Finally, after the waitress served their dinner, Seth was able to look up at Wren with a clear, revengeless thought process. "So," he began cutting casually into his steak. "Not taking the current situation into account, Embry is actually a good guy."
It was always easiest to start with the truth, he thought.
Wren swallowed her food and looked up at Seth from underneath her lashes. "People keep saying that," she whispered.
"Yeah," Seth half laughed. "Trust me, if it weren't true, I'd be real happy to tell you otherwise right now."
Wren nodded, knowing Seth wouldn't lie. "But how does that apply to me exactly?" She wondered out loud. So what if Embry was a good guy, that didn't change the fact that they'd fooled around only minutes after running into each other.
"Honestly?" Seth smiled. "Jack shit. I'm just saying, that you don't have to worry about him spreading it all over town, or bragging about it to his friends."
Wren raised a skeptical brow. "So, you're telling me that Jacob and that other boy don't know about it?"
Seth opened his mouth to speak, but quickly shut it back. Damn it, she had a point.
"That's what I thought," Wren shot back.
"He wasn't bragging though," Seth answered quickly. "That's not Embry's style. He's not a kiss and tell kind of guy, never has been. He's been feeling like crap about what happened and how he left things between the two of you. I can attest to that, actually. Yesterday, when he was at my house, he was pretty guilt ridden. I didn't ask questions, but Jake and Quil are his best friends. They would never let something like that slide without forcing it out of him."
"He feels guilty?" Wren asked quietly.
"Yeah," Seth nodded. "He wants to apologize, and talk to you about what happened, but I told him I didn't think you were up to that yet, or that you ever would be. That's totally your decision."
"He...wants to...talk to me," Wren repeated as if trying to make it sound believable. "Apologize?"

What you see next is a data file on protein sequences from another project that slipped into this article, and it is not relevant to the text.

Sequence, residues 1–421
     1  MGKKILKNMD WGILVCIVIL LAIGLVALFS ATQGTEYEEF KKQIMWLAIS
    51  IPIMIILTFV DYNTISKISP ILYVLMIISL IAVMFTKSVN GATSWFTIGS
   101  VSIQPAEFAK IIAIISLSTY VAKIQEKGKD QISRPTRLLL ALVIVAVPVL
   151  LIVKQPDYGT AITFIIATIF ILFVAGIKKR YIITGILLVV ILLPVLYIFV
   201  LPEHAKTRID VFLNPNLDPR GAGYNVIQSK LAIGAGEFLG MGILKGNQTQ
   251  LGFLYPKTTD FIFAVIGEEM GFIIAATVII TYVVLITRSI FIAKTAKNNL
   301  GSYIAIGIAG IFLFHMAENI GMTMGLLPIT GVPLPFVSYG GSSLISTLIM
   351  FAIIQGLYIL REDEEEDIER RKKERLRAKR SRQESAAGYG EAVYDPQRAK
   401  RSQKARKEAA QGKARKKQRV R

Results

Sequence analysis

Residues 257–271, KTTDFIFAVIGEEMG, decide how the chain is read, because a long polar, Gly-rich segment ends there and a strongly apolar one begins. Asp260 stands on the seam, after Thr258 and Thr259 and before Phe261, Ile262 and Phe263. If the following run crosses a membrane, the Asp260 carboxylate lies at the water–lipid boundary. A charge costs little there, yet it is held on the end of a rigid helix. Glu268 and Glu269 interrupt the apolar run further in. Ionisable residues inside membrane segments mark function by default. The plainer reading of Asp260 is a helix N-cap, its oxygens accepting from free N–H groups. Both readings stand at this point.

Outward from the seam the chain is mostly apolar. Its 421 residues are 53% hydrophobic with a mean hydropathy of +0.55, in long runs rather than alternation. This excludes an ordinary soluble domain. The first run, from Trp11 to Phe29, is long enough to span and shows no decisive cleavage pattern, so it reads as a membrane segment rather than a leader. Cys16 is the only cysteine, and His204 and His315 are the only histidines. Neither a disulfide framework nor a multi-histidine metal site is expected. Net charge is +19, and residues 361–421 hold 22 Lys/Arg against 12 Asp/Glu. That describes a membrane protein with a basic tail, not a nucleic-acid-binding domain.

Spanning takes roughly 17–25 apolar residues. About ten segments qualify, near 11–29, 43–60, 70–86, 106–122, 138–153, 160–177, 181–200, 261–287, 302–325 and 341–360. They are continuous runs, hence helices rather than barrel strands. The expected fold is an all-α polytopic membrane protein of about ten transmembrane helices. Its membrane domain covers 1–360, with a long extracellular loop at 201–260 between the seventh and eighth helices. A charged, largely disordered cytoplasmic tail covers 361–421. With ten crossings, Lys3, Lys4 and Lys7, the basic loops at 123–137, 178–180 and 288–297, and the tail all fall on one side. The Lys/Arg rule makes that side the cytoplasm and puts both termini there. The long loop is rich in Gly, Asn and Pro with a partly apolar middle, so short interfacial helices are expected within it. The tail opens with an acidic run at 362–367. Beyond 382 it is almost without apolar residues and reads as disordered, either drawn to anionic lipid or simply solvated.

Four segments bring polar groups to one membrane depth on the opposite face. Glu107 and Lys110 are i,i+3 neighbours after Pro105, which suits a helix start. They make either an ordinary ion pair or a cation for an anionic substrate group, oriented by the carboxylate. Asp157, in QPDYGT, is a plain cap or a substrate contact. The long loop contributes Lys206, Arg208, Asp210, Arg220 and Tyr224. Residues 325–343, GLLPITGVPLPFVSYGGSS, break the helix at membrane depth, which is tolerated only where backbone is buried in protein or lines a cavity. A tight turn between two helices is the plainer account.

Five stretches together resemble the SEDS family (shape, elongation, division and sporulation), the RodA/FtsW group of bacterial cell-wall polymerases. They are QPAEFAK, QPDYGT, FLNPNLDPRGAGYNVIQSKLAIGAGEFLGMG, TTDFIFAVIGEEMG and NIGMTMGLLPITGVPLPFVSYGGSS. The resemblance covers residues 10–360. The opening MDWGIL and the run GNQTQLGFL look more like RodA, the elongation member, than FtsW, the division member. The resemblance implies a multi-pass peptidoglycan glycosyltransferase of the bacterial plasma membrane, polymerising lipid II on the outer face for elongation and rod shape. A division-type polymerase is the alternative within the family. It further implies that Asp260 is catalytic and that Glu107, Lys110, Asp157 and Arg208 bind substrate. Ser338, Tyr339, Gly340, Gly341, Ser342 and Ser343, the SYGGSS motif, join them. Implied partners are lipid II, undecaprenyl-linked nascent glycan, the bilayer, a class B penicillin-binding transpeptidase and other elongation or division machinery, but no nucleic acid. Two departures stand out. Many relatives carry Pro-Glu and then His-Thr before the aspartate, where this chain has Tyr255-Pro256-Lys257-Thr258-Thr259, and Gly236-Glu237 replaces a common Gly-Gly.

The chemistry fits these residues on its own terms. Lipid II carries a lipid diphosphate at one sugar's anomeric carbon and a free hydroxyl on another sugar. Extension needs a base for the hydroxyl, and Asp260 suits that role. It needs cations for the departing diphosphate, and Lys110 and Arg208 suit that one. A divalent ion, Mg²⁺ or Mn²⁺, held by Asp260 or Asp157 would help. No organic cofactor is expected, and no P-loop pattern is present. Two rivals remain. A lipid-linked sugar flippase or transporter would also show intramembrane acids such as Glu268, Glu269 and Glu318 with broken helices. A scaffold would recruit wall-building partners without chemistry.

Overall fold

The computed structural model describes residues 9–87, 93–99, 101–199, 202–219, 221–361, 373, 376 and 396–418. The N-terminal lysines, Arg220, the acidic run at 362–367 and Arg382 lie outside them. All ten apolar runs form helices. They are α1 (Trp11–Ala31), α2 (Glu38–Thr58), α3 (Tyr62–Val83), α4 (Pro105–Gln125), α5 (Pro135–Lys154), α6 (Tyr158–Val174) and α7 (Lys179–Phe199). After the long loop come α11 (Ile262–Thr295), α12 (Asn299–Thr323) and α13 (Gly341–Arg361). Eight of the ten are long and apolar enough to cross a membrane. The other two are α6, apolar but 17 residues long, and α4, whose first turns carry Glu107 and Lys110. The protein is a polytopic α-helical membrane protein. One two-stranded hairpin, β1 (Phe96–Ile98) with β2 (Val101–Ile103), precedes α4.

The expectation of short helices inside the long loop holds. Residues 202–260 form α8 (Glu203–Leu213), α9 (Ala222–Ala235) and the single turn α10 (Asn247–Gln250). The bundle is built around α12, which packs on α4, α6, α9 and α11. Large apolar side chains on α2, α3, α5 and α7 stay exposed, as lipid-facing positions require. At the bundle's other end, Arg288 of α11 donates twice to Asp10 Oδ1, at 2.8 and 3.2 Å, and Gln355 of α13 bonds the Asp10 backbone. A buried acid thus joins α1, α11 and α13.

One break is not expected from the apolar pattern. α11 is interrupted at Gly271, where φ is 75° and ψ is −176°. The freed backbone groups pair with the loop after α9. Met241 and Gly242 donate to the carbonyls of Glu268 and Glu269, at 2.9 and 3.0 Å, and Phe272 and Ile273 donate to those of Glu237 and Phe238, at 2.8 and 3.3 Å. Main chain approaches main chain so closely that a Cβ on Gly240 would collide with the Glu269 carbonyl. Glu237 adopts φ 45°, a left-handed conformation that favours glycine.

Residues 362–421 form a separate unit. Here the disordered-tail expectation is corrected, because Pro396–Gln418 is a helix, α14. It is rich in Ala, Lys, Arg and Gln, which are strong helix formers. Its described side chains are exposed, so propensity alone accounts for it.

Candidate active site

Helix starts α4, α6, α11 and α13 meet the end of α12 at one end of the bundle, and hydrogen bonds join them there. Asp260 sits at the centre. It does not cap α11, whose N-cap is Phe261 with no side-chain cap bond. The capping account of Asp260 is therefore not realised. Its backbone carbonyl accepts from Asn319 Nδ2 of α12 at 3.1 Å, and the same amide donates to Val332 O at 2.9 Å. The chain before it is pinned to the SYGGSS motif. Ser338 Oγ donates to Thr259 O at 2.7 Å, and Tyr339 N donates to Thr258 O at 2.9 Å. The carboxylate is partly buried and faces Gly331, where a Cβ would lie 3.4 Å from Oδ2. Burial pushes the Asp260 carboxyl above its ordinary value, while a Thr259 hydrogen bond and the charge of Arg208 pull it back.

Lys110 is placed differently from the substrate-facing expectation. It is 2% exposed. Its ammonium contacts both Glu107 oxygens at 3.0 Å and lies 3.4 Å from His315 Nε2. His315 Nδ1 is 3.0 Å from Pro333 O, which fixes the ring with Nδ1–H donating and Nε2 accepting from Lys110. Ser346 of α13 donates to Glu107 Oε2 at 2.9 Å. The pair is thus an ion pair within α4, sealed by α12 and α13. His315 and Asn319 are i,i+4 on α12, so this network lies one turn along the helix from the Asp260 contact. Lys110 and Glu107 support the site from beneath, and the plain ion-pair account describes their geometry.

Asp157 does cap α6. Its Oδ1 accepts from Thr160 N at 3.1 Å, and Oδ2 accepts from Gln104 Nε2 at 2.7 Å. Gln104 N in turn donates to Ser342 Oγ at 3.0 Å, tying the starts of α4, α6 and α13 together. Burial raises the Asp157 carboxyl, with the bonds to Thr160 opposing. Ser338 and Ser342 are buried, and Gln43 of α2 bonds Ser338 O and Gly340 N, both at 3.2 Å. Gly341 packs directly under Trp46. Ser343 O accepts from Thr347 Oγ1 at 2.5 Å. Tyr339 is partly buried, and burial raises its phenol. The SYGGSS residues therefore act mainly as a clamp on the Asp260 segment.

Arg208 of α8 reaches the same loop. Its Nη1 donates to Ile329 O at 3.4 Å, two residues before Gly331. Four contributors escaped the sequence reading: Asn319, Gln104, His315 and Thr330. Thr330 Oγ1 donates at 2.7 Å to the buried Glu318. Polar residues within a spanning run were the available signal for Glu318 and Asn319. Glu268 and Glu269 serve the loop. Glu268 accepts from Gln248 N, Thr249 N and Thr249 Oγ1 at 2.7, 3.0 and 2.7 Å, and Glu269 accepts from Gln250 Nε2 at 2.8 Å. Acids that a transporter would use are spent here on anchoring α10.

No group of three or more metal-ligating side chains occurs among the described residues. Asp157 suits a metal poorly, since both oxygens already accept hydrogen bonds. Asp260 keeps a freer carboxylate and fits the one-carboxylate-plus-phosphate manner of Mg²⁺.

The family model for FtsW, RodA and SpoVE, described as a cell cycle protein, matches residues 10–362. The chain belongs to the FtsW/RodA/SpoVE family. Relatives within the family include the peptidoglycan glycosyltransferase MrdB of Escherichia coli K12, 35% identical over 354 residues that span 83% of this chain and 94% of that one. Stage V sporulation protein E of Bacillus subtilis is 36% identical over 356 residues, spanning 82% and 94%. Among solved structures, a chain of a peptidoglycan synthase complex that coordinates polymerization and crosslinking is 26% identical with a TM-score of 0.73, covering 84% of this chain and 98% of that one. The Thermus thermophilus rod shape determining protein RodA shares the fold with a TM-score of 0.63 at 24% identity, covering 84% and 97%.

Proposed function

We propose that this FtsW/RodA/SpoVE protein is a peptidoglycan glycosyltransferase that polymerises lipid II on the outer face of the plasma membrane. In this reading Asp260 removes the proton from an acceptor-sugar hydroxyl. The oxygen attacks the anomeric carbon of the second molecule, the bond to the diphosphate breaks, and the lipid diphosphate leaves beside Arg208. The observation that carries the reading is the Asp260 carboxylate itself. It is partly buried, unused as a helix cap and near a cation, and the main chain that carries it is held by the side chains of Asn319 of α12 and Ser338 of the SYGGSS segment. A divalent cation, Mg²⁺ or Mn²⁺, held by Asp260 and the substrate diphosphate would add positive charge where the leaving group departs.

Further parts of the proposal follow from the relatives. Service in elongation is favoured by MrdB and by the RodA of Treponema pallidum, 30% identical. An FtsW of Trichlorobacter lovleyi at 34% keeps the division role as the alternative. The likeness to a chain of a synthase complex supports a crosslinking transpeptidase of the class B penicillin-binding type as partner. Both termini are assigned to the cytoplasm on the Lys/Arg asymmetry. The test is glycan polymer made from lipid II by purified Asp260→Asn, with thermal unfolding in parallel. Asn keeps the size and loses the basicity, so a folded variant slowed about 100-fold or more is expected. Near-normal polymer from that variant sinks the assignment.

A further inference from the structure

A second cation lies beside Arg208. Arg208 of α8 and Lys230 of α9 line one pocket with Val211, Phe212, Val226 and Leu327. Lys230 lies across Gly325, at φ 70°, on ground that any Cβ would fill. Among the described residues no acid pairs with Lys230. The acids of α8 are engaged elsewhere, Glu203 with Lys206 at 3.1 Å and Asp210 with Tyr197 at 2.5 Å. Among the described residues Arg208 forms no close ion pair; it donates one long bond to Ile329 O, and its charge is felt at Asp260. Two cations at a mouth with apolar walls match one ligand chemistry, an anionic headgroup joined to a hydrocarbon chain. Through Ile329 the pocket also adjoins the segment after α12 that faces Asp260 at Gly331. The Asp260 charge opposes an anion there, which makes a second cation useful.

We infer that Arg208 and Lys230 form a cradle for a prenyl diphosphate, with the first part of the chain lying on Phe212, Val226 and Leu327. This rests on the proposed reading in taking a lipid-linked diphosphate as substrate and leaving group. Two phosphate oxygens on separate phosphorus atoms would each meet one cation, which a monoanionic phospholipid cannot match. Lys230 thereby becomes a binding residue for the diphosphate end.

Seth gave her a minute to sort it all out. "This isn't how this is supposed to work," she muttered. "Boys don't apologize. Boys don't feel guilty." Never, not once, in her entire high school experience had she'd ever known a guy to feel guilty about hooking up with a girl. Their brains weren't meant to function that way. Their dicks usually didn't let guilt reach that far.
Seth chuckled. "I don't know if you've noticed, but we aren't normal."
He flashed Wren a swoon worthy smile and she laughed. "Trust me. I've noticed."
"And this isn't something you have to decide right now," Seth explained. "Embry can wait."
In fact, Seth thought with a mischievous edge, it might actually do him some good.
"I'll think about it," Wren promised munching on her fries, and she knew she would. She couldn't stop thinking about it.
They continued to eat in silence as Wren thought everything through. The LaPush guys were definitely different, and it wasn't just their devastatingly good looks. It seemed as if they were all perfect molds of what girls dreamed that a guy should be. Seth, Colin and all the others that she'd had a conversation with had shown to be sincerely kind and decent guys.
"Why is that?" she blurted out after a few minutes.
Seth looked up from his steak, confused.
"Why are all of you so different from every other boy I've ever met?" She questioned.
Seth chewed it over for a moment knowing he couldn't tell her the out right truth. It wasn't his place to explain imprinting, so instead he'd go with a more rational excuse.
"A lot of reasons. We all took on a lot of responsibility at a young age, and it matured us in a sense. Plus, we have very strong willed women in our lives like my mom, sister and our friend's wives who would essentially rip our balls off if they caught us treating a woman with anything but the utmost respect."
Wren studied him, and she could find no sign of false intent in Seth's eyes. "You told me that you don't date," she reminded. "Why? I find it difficult to believe that you're not boyfriend material."
Seth grinned. "Thanks, but its complicated."
Wren wasn't about to give up that easily. She'd confessed her biggest secret and now she wanted payback. Seth knew it too. He scratched his head, fumbling for a reasonable answer that didn't involve werewolves and magic soul mates.
"I'm not ready for a commitment yet," he began almost stuttering out the words. "I've witnessed my sister get her heart broken, and what that did to her. I don't want to chance that with anyone, or cause anyone else that kind of pain until I know I've met the right girl."
Wren stared at him, her gaze intense. "Are you- human?"
"What?" Seth choked, coughing up the drink he'd just taken.
"Are you sure you haven't been abducted by lonely old women aliens and brain washed before sent back to earth?"
"Why would you say that?" Seth said still choking a little.
"Seth," Wren stated laughing. "I told you. Guys don't talk like that."
Seth managed to finally clear his throat, and laughed. "I told you I was weird."